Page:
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A Guarani community in Brazil is celebrating after the government recognized their land as Indigenous, for their exclusive use.
The 170 members of Pyelito Kuê/ M’barakay community, living on an ‘island’ between a river and a soya plantation, can now stay on part of their ancestral land until the formal demarcation process is complete.
One community spokesman told Survival, ‘We are very happy. We have been fighting for our land, because it is ours. My grandfather is buried here. We have been threatened by the ranchers but we are not giving up; we will stay strong because we need this land.’
Another Guarani man said, ‘This a first step for us. It’s a victory. We need our land so we can plant and our community can thrive and grow’.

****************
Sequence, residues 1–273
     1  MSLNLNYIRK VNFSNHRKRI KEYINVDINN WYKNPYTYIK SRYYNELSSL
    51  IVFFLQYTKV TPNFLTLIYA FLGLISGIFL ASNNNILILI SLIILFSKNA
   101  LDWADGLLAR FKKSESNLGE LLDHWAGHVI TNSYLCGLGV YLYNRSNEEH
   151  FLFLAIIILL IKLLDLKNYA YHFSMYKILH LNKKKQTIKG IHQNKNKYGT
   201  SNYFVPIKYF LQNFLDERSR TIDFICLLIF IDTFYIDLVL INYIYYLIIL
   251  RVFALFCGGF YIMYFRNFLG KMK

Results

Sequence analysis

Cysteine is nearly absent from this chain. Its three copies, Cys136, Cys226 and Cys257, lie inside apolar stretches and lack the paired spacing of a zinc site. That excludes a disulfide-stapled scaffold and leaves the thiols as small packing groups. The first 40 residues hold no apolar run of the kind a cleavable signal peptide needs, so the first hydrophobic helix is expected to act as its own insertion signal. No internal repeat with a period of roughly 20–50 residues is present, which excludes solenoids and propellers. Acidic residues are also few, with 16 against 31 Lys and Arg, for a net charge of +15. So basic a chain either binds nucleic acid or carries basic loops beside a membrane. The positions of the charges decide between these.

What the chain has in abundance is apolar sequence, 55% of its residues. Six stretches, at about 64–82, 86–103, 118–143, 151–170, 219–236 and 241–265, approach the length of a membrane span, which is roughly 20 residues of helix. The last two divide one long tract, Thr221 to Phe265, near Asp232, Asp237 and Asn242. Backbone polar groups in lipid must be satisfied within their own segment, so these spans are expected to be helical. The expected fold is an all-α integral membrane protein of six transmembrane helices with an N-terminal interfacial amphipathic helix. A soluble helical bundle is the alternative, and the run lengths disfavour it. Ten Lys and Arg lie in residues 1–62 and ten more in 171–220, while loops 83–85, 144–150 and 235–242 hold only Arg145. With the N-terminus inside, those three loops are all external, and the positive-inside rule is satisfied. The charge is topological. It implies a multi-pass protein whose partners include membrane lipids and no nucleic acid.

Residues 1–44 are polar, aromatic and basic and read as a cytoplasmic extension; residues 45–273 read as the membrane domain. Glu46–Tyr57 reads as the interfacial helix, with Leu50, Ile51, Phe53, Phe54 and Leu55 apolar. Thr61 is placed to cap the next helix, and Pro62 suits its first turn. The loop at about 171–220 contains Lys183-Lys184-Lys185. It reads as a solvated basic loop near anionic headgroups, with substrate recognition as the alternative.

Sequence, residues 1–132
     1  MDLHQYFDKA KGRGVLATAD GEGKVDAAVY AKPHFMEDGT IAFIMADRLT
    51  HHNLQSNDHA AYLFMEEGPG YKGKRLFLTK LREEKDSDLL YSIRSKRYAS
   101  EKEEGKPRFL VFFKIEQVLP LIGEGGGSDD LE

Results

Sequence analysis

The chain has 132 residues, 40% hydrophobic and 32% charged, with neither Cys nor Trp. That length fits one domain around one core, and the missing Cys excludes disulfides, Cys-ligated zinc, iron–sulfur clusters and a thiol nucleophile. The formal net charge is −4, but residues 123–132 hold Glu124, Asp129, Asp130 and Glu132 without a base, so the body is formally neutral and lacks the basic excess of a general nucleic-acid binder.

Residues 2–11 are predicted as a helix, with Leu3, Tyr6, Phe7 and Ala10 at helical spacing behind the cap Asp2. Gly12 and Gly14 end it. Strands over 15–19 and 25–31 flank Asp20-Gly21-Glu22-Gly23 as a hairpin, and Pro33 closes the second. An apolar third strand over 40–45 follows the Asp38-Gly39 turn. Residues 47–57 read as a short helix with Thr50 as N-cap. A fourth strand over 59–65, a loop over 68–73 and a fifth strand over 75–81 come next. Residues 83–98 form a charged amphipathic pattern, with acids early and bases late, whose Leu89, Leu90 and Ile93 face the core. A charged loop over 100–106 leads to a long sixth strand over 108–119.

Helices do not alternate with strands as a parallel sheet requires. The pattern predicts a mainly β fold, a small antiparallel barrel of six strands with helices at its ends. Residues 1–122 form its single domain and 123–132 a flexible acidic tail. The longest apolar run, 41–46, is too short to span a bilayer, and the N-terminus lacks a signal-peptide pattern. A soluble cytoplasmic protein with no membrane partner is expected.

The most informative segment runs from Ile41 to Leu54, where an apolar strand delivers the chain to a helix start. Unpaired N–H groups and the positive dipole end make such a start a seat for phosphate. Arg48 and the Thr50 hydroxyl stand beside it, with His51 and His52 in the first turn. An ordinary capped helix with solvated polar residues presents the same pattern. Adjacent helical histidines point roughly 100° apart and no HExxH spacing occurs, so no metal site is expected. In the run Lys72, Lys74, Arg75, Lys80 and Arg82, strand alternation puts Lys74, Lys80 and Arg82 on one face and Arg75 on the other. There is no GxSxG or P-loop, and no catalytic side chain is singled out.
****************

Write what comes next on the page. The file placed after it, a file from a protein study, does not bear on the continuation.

This success comes after the Guarani’s international declaration that they would rather be killed than be removed from their land.
The Guarani have suffered a series of brutal attacks since they reoccupied this part of their territory in August 2011.
The Guarani’s land was occupied by ranchers in the 1970s, forcing the Indians to live in appalling conditions in overcrowded reserves.
This violence and intimidation by the ranchers’ gunmen has forced the Guarani to make a dangerous river crossing using a narrow cable, in order to travel to and from their land, to obtain food supplies.
The Guarani are now urging the government to complete the demarcation process as fast as possible and allow them to live on all of their ancestral land where they can plant crops and no longer be exposed to the constant risk of violence.
Survival is lobbying the Brazilian government to map out all Guarani land, as it is legally bound to do.